Chanel. Dior. Givenchy. Gaultier. Today French fashion designers are renowned and loved the world over. But the first to be celebrated, and to bring haute couture to the forefront of popular culture was a poor but ambitious young woman, Rose Bertin.
Born on 2 July 1747 at Abbeville, Picardy, Rose moved to Paris to try her luck. She was apprenticed to a milliner, Mademoiselle Pagelle, and was so good at her job that later she became her business partner. She dressed, and cultivated good relations, with some of the most influential women at the French court, like the Princess de Conti, the Duchesse de Chartres, and the Princesse de Lamballe.
When, in 1770, Rose opened her own shop, Le Grand Mogol, on the Rue Saint-Honoré, they, and many other ladies at Versailles, followed her and became faithful clients. But her real big break came two years later, when the Princesse de Lamballe introduced her to the dauphine, Marie Antoinette.
The young woman loved Bertin’s work. After Louis XVI’s coronation, Marie Antoinette and Bertin met twice a week to discuss the dressmaker’s new creations. While talking about dresses and poufs, the two women became friends, and the Queen started confiding in her milliner.
Together, they also launched many fashions. At the time, women wore “pouf”, raised hardos made possible by pads and pomades. For the Queen, Bertin went one step further (or better, three feet higher). Not only were poufs now insanely high, they were also decorated with all kinds of objects to showcase current events. The pouf a la circonstance commemorated the change of reign, the pouf aux insurgents was in honor of the American Revolutionary War, and a French naval vessel represented the Queen’s support for the America in the war for their independence (France was helping them).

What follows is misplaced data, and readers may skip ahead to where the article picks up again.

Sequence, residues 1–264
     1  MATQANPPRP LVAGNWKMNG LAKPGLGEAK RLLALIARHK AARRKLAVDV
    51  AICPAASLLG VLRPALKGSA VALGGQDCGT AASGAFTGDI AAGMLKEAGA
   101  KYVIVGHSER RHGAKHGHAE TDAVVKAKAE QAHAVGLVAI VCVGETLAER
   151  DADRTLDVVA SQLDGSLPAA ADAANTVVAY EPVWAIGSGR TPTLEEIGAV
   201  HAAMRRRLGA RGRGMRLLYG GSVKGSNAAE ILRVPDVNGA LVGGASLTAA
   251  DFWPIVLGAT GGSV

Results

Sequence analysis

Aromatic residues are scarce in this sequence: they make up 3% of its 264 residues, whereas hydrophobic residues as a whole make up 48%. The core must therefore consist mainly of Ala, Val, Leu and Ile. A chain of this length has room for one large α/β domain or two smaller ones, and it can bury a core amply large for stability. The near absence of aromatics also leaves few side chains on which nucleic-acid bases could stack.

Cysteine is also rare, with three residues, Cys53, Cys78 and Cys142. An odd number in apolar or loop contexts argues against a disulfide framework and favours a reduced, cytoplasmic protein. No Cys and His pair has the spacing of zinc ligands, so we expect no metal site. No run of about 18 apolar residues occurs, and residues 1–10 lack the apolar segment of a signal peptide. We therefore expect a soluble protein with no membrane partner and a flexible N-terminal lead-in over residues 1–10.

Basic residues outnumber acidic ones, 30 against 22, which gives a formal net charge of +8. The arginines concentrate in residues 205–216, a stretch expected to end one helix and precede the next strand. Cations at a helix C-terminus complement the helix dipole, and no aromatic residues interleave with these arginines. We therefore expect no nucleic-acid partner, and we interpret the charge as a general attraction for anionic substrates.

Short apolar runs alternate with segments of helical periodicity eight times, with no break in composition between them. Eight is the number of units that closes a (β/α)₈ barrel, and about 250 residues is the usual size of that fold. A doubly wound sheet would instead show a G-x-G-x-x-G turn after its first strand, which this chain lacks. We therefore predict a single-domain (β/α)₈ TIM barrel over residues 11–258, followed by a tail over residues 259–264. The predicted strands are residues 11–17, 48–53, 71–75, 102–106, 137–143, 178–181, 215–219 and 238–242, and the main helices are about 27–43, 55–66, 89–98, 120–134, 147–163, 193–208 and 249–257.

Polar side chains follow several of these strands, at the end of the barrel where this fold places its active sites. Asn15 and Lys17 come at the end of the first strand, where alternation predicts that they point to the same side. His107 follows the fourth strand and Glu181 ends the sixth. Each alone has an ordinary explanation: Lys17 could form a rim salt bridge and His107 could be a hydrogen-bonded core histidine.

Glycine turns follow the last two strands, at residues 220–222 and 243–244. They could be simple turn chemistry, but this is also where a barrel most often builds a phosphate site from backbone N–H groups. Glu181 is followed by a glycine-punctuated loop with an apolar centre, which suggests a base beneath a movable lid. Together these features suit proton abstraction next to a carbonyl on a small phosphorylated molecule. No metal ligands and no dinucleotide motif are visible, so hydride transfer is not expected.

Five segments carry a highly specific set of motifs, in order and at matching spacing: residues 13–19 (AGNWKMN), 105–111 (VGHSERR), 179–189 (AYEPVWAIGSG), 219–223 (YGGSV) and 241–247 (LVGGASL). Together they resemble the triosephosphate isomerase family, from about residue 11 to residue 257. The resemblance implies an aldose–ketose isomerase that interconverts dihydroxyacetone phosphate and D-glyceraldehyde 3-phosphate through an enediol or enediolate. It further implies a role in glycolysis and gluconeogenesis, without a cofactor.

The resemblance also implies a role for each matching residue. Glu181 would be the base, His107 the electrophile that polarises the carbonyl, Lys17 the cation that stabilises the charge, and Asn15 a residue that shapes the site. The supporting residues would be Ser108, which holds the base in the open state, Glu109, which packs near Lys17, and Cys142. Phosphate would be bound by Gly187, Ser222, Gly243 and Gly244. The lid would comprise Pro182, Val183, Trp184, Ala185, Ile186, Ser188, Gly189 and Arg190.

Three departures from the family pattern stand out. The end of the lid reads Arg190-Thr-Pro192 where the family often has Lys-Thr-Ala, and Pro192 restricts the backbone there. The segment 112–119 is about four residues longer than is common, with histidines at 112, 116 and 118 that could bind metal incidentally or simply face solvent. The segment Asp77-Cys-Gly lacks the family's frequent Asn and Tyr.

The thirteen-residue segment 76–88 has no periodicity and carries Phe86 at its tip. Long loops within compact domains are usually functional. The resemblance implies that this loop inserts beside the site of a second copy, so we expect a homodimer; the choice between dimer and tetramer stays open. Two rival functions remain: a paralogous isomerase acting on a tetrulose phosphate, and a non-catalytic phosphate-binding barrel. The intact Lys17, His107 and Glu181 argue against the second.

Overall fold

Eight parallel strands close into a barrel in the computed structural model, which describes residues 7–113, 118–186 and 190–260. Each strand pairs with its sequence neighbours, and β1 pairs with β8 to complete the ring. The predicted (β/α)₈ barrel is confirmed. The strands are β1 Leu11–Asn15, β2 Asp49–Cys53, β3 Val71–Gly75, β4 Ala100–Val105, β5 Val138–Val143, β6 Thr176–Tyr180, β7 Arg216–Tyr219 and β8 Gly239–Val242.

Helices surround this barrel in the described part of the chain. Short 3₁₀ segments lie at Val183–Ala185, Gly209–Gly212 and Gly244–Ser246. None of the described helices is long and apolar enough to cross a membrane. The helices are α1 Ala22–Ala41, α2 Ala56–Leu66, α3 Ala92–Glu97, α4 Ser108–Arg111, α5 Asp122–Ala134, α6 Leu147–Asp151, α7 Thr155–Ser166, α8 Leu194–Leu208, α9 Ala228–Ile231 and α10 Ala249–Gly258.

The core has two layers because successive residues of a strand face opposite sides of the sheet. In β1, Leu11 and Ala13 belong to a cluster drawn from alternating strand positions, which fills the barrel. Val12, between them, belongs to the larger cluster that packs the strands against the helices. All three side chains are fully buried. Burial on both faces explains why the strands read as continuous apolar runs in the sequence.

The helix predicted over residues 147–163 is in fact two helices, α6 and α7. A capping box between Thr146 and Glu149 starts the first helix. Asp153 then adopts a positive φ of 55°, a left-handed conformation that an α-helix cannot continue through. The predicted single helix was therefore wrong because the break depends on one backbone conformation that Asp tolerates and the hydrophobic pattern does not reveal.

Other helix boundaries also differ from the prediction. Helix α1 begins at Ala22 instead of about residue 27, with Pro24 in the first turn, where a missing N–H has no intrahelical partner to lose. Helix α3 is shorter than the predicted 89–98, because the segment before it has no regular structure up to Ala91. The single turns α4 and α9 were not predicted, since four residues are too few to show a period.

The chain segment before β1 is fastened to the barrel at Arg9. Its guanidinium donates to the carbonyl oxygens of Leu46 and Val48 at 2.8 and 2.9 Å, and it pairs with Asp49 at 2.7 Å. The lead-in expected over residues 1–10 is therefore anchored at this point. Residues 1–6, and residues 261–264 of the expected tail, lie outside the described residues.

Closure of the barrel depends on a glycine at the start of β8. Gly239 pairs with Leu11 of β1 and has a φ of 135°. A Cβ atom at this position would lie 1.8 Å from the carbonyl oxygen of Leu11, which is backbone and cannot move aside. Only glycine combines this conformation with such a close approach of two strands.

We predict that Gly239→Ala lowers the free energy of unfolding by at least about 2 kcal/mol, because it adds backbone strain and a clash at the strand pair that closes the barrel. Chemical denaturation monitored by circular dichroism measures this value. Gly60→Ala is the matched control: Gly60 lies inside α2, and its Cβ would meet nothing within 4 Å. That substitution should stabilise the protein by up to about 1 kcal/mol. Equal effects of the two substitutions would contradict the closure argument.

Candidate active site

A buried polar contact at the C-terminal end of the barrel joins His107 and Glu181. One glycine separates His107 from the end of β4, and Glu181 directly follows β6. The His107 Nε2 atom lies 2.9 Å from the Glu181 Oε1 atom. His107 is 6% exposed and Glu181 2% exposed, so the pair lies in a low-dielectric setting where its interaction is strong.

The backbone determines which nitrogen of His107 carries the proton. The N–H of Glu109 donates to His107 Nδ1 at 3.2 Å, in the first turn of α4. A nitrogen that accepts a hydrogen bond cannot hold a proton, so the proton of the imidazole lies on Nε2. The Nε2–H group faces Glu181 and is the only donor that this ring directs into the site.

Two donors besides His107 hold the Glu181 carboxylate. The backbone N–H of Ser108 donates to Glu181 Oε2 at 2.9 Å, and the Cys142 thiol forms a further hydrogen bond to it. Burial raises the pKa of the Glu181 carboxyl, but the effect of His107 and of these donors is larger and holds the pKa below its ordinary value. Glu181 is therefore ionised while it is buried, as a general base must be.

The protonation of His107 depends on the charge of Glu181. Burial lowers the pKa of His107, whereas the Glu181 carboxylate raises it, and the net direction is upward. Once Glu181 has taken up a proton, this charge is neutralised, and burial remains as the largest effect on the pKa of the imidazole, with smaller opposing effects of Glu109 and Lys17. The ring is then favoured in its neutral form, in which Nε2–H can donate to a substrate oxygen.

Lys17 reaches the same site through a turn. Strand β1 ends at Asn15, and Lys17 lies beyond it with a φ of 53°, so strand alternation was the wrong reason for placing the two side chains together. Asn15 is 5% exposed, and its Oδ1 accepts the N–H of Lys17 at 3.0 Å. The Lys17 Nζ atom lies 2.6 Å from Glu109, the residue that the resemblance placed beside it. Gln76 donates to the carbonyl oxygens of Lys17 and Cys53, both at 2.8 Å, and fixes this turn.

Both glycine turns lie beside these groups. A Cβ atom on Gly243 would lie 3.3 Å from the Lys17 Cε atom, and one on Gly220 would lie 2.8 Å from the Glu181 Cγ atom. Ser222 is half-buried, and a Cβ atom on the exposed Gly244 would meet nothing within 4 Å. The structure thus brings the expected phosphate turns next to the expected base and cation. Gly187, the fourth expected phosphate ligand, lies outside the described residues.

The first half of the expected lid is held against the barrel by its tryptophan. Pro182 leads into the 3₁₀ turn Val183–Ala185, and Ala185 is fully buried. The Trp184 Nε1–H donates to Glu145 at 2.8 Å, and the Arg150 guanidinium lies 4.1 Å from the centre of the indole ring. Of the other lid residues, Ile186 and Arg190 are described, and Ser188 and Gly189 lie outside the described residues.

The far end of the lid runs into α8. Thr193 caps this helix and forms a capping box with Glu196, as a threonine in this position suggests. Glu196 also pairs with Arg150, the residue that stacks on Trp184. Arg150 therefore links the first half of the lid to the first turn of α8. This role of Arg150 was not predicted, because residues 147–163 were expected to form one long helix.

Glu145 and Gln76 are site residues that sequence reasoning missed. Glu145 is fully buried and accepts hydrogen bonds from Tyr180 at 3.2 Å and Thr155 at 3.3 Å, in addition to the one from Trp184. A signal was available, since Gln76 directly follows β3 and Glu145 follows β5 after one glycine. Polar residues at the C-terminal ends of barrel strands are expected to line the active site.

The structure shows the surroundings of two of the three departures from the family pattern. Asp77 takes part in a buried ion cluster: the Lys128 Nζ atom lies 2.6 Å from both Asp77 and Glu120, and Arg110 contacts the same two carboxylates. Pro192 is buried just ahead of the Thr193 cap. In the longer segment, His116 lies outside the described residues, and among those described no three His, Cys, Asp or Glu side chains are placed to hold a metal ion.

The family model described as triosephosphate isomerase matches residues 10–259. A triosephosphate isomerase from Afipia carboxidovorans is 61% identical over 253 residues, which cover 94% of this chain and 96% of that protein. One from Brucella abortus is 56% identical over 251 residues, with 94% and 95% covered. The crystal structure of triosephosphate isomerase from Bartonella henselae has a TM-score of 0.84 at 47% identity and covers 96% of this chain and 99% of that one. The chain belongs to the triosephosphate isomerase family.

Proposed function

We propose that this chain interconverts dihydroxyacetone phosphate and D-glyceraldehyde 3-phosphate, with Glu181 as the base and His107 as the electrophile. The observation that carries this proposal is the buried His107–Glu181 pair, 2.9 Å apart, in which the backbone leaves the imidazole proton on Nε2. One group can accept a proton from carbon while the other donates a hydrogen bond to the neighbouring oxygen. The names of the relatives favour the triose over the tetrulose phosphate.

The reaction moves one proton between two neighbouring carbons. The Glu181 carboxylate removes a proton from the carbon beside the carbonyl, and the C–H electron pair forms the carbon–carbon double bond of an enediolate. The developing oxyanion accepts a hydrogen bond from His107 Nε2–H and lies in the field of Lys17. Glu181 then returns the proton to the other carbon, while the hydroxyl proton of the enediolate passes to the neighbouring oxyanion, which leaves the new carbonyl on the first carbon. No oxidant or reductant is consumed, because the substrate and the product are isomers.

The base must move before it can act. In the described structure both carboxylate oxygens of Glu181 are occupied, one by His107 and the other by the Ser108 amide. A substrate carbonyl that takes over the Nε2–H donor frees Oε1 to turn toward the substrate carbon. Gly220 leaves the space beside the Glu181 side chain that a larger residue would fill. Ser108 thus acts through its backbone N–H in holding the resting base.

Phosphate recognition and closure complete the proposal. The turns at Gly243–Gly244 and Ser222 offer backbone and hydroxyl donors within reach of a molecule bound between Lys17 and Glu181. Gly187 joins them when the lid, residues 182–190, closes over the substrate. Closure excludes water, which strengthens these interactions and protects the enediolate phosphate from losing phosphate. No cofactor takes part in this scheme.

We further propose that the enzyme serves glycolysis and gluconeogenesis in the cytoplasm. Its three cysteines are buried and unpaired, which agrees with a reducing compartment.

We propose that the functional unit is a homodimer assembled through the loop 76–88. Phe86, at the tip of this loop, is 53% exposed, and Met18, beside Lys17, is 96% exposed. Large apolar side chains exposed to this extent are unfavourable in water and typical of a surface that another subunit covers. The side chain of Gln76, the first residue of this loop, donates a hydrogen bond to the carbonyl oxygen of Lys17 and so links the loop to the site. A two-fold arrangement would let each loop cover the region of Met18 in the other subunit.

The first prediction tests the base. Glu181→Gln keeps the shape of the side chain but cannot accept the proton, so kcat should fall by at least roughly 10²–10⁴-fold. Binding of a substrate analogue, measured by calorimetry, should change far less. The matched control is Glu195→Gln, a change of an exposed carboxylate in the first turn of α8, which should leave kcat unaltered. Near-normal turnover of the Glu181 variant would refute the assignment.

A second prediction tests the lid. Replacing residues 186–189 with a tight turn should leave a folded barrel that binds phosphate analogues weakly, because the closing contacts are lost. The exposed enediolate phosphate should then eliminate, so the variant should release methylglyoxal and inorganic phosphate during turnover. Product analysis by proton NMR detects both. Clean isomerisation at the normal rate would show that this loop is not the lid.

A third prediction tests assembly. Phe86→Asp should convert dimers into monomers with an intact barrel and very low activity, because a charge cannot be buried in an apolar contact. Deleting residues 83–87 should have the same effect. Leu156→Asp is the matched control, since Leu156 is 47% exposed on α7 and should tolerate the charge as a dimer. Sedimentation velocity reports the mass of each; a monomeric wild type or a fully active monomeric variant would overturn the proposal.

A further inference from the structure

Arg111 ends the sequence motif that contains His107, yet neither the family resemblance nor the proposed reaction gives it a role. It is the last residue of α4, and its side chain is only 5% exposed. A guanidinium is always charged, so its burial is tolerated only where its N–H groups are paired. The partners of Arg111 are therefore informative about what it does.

But the most famous was probably the pouf a l’inoculation, which celebrated the Kings’ vaccination, which took place in June 1774. “It represented a rising sun, and an olive-tree laden with fruit, round which a serpent was twisted, holding a flower-wreathed club. The classical serpent of Esculapius represented medicine, and the club was the force which could overcome disease. The rising sun was the young King himself, great-grandson of the Roi-Soleil, to whom all eyes were turned. The olive-tree was the symbol of peace, and also of the tender affection with which all were penetrated at the news of the happy success of the operation which the King and the Royal Family had undergone.”
Her hairdos were outrageous, but so were her dresses. They were so wide women had troubles passing through doors. Bertin had such an influence on the Queen’s wardrobe, and as a result, on French fashion, to gain the nickname “Minister of Fashion”. Her name became synonymous with sartorial elegance, not only in France, but all over Europe. Her dresses were commissioned from all corners of the continent, including London, Vienna, Venice, Saint Petersburg, and even Constantinople.
Pandores, dolls made of wax over jointed wood armatures or porcelain, were dressed in the latest fashions and sent to foreign courts and noblewomen so that they could keep up to date with the latest Parisian styles and commission them. This type of dolls remained popular until the appearance of fashion magazines.
Things took a turn for the worse when the Revolution broke out. When Marie Antoinette was imprisoned she couldn’t afford Bertin’s super expensive gowns anymore. But she continued to commission small orders, usually of ribbons and simple alterations, to her dressmaker. Bertin’s also provided the mourning outfit the Queen wore after the execution of her husband, Louis XVI.
As the Revolution turned more and more violent, many of her customers, included the Queen, were executed. A lot of dressmakers were forced to close their shops. Not Bertin. She moved her business to London, were she sold clothes to the émigrés. Once the Revolution was over Rose returned to Paris. Among her new customers was Joséphine de Beauharnais, the future French empresses.
But the Revolution had changed things forever. Fashion, during the ancient regime, had been excessive and outrageous. Now people favoured simpler styles. As the century came to an end, she transferred her business to her nephews and retired. She died in 1813 in Épinay-sur-Seine.